When a torpedo is launched, the player secretly notes the launching hex and a "target hex" on the edge of that hexboard - used together, these determine the torpedo's firing vector. The player then keeps track of the torpedo's position, and when he calculates that it is near a target, he reveals his plot to the opponent. The torpedo plot may also be revealed if the opponent detects the torpedo (either at launch, or later by hydrophone or visually). Torpedo attack is resolved similarly to gunfire combat, except that the initial target number is modified by target angle, speed, and location hit. If the dieroll determines that the torpedo "misses," it remains in play and may strike another target.
The naval rules also cover submarines and anti-submarine warfare, ramming and other collisions, survivors and rescue, minefields, barrage balloons, repairs, smoke screens, nets and booms, and night fighting.
The air game can be played stand-alone, or can be combined with the naval game by adding one phase to the turn sequence. Each aircraft model is placed on top of a marker indicating its flight status, with the symbols and colors revealing whether the plane is level, angled, or vertical, and whether it is going up or down (or in a spin). A second counter, placed in front of the model, shows the aircraft's speed and altitude (from 0 to 9,000 feet). When the aircraft exceeds 9,000 feet, a clear plastic altitude counter is placed beneath the model (one for every 10,000 feet). Unlike the naval game, the air game uses the hexgrid for movement purposes.
The order in which aircraft take their actions during the aircraft phase is determined by the type of plane, pilot experience, speed, and place in formation. Ties are resolved by dieroll. At the start of movement, a plane can change its "speed band" by one level (stall/economical/combat cruise/full throttle). The speed band is compared against the plane's altitude to determine the player's available movement for the turn. As aircraft move, they may dive or climb, roll and bank. Severe maneuvers risk entering a spin or a stall, damage to the plane, or that the pilot might black-out.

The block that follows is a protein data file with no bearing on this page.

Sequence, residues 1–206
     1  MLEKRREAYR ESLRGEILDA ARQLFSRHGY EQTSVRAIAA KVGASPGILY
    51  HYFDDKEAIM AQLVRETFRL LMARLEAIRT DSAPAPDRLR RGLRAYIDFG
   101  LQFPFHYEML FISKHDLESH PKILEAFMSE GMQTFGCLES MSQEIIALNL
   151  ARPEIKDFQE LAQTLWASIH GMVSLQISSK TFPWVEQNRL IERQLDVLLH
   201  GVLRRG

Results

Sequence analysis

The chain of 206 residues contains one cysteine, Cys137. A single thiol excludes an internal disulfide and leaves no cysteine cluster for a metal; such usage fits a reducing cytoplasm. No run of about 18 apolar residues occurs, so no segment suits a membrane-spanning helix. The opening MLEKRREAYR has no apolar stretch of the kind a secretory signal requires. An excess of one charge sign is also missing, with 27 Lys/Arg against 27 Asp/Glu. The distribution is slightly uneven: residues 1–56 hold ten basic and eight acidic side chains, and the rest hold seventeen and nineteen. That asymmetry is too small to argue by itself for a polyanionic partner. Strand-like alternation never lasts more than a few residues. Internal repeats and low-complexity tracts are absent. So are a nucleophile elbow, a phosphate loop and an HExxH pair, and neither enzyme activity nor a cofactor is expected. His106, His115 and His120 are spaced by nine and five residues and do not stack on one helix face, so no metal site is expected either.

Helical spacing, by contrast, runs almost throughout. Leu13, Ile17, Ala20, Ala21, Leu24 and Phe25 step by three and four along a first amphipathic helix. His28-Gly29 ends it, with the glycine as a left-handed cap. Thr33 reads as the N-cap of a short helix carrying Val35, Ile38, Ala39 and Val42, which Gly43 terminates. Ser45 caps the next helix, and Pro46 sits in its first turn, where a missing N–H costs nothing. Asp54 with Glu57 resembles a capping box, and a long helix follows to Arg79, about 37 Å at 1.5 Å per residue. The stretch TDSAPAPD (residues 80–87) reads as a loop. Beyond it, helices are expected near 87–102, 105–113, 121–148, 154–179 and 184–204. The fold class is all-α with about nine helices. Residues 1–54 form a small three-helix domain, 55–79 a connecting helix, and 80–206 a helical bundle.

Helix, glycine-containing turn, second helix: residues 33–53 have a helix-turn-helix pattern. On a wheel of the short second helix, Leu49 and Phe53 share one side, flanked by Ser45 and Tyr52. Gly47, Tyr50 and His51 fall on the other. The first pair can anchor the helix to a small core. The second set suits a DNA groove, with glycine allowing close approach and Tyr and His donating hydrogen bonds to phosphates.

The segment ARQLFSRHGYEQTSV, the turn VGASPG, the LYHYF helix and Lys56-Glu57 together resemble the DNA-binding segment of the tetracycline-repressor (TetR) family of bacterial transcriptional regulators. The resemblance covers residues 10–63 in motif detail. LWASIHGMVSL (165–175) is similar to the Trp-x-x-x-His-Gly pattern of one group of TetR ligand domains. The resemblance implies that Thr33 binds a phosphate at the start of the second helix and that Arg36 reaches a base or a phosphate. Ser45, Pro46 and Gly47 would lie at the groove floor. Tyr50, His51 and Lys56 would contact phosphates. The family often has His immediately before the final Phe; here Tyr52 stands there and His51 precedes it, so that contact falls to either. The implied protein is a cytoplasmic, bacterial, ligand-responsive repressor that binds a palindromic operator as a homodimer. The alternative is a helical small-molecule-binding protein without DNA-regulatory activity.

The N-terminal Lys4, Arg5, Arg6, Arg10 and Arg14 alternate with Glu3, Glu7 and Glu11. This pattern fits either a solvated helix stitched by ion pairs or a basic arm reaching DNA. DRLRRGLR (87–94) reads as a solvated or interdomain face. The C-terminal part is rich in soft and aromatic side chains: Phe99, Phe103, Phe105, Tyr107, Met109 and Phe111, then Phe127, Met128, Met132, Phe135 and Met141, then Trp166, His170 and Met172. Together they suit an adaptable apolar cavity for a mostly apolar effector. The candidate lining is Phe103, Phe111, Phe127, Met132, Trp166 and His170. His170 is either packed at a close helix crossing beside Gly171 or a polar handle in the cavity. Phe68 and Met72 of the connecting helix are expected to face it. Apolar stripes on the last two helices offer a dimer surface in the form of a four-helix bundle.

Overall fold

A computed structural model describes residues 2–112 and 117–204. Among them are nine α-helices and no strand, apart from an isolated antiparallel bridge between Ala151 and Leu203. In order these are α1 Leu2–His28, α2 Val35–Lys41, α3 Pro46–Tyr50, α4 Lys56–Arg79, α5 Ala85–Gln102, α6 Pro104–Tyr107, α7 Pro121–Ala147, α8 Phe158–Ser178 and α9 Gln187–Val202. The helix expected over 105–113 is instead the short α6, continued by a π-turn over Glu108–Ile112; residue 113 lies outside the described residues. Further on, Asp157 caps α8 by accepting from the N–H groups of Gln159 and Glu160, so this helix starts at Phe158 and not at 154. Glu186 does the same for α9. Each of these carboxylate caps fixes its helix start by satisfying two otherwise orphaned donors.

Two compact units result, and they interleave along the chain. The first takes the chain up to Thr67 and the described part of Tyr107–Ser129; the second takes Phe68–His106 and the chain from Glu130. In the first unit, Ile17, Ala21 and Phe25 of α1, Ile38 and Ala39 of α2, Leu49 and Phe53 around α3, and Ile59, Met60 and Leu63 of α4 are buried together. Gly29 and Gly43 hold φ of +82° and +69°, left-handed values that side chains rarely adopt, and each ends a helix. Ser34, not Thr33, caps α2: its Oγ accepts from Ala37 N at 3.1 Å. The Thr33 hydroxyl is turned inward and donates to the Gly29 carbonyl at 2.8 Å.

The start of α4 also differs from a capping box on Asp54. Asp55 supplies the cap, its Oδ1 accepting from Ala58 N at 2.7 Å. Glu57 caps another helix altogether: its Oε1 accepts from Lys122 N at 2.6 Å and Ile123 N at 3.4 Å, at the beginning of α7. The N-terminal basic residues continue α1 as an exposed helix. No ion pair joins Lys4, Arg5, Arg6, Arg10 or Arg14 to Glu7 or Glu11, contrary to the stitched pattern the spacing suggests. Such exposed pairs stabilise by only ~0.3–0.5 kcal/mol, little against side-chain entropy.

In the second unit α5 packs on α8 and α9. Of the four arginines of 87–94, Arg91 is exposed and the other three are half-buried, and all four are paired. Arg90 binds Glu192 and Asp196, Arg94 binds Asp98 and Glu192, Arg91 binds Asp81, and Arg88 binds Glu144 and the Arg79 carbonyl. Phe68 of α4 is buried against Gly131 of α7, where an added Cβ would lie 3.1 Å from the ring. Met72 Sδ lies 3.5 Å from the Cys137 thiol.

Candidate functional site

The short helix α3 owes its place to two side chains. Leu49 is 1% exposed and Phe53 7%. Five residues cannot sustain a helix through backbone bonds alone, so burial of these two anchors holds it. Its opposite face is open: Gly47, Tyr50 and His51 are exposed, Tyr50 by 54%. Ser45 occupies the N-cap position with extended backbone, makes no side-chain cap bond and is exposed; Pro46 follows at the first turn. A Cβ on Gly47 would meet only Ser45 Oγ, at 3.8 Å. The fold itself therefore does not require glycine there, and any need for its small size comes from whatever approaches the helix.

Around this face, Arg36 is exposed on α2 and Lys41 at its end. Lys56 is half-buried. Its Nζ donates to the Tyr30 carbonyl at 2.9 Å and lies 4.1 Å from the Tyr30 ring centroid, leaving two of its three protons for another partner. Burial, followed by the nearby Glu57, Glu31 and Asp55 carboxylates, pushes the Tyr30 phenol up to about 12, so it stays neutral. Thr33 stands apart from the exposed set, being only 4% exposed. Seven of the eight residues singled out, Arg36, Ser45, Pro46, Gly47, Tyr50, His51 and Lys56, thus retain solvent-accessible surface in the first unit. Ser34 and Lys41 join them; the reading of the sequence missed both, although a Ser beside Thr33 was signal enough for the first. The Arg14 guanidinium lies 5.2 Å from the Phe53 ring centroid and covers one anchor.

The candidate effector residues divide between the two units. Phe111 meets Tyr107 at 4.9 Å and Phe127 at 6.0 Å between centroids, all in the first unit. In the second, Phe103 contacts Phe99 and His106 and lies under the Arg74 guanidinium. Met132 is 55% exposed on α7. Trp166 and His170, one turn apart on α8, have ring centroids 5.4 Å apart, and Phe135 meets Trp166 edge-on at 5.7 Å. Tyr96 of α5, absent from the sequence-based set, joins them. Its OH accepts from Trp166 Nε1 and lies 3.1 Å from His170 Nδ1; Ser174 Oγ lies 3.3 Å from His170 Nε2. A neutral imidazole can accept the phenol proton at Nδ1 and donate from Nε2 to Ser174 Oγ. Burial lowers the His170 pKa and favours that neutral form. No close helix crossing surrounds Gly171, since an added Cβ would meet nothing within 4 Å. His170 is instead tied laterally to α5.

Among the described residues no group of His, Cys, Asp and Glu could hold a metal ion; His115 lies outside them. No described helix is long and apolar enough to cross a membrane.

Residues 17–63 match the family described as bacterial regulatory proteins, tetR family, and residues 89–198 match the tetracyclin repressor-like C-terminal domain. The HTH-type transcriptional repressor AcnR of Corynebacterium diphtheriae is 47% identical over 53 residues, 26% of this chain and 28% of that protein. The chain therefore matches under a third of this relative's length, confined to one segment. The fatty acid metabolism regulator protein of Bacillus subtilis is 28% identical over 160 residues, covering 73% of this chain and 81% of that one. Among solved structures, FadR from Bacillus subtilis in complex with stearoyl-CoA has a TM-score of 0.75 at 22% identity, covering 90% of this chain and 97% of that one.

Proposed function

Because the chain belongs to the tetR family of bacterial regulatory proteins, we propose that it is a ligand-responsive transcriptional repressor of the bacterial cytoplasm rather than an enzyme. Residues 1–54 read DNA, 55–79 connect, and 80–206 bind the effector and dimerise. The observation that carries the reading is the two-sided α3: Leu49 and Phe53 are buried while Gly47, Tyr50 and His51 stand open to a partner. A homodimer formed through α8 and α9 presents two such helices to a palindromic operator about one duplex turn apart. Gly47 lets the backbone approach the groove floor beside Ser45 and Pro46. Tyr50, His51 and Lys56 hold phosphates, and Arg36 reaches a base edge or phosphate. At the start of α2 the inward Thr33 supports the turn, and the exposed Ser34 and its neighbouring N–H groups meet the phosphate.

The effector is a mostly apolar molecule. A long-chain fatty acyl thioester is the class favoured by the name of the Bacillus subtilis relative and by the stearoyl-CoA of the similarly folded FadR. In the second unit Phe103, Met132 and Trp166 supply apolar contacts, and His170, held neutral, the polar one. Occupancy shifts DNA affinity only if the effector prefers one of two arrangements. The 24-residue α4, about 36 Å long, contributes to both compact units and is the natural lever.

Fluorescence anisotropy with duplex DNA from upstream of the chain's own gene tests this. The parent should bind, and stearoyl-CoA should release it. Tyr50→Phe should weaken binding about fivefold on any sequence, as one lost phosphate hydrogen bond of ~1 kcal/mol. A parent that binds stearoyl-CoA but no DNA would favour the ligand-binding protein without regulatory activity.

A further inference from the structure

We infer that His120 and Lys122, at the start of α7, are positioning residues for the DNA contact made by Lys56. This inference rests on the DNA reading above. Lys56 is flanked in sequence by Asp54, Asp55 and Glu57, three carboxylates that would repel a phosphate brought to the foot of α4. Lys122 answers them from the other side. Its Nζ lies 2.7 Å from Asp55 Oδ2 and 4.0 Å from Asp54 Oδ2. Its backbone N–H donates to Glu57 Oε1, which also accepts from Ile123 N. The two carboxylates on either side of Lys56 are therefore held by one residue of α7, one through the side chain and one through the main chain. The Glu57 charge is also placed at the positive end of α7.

Planes must "spot" each other before aerial combat can commence, requiring a dieroll modified by range, altitude, where the sun is, and situational factors. Taking into account the gunners' skill level, both planes' speed and angle, a dieroll is made to determine how long the target was successfully fired at (in seconds). This is then used, along with range, altitude difference, type of guns, and a dieroll, to determine the final weight of fire, which provides the target numbers for critical damage and morale. If critical damage is scored, there is also a change that structural damage occurs. A morale roll is required after every attack, taking into account the current state of the aircraft as well as the terrain beneath. Depending on how badly the morale check is failed, the aircraft may simply abort the current attack, or it may jettison its payload and head for base. Whenever a plane fails a morale test, a risk marker is placed next to the plane - risk levels add a penalty to future morale rolls, but can be cleared by a successful morale roll.